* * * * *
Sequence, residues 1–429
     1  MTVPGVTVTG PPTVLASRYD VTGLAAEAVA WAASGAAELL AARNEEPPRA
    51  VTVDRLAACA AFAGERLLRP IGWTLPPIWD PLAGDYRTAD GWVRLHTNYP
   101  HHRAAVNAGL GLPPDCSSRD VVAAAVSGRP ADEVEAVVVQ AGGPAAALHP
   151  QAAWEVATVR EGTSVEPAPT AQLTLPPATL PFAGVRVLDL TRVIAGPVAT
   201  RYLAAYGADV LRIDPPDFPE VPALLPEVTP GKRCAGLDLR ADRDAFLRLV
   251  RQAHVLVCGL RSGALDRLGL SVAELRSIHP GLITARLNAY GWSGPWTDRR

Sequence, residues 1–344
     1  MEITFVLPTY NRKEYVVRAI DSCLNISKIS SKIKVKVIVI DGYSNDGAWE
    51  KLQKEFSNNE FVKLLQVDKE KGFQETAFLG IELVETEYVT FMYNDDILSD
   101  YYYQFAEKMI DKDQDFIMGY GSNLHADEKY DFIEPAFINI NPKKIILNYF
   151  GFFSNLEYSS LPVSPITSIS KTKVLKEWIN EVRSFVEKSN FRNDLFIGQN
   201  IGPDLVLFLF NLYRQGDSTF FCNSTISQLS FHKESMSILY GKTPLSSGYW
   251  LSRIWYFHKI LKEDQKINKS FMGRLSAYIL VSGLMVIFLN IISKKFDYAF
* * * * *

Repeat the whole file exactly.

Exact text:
Sequence, residues 1–429
     1  MTVPGVTVTG PPTVLASRYD VTGLAAEAVA WAASGAAELL AARNEEPPRA
    51  VTVDRLAACA AFAGERLLRP IGWTLPPIWD PLAGDYRTAD GWVRLHTNYP
   101  HHRAAVNAGL GLPPDCSSRD VVAAAVSGRP ADEVEAVVVQ AGGPAAALHP
   151  QAAWEVATVR EGTSVEPAPT AQLTLPPATL PFAGVRVLDL TRVIAGPVAT
   201  RYLAAYGADV LRIDPPDFPE VPALLPEVTP GKRCAGLDLR ADRDAFLRLV
   251  RQAHVLVCGL RSGALDRLGL SVAELRSIHP GLITARLNAY GWSGPWTDRR

Sequence, residues 1–344
     1  MEITFVLPTY NRKEYVVRAI DSCLNISKIS SKIKVKVIVI DGYSNDGAWE
    51  KLQKEFSNNE FVKLLQVDKE KGFQETAFLG IELVETEYVT FMYNDDILSD
   101  YYYQFAEKMI DKDQDFIMGY GSNLHADEKY DFIEPAFINI NPKKIILNYF
   151  GFFSNLEYSS LPVSPITSIS KTKVLKEWIN EVRSFVEKSN FRNDLFIGQN
   201  IGPDLVLFLF NLYRQGDSTF FCNSTISQLS FHKESMSILY GKTPLSSGYW
   251  LSRIWYFHKI LKEDQKINKS FMGRLSAYIL VSGLMVIFLN IISKKFDYAF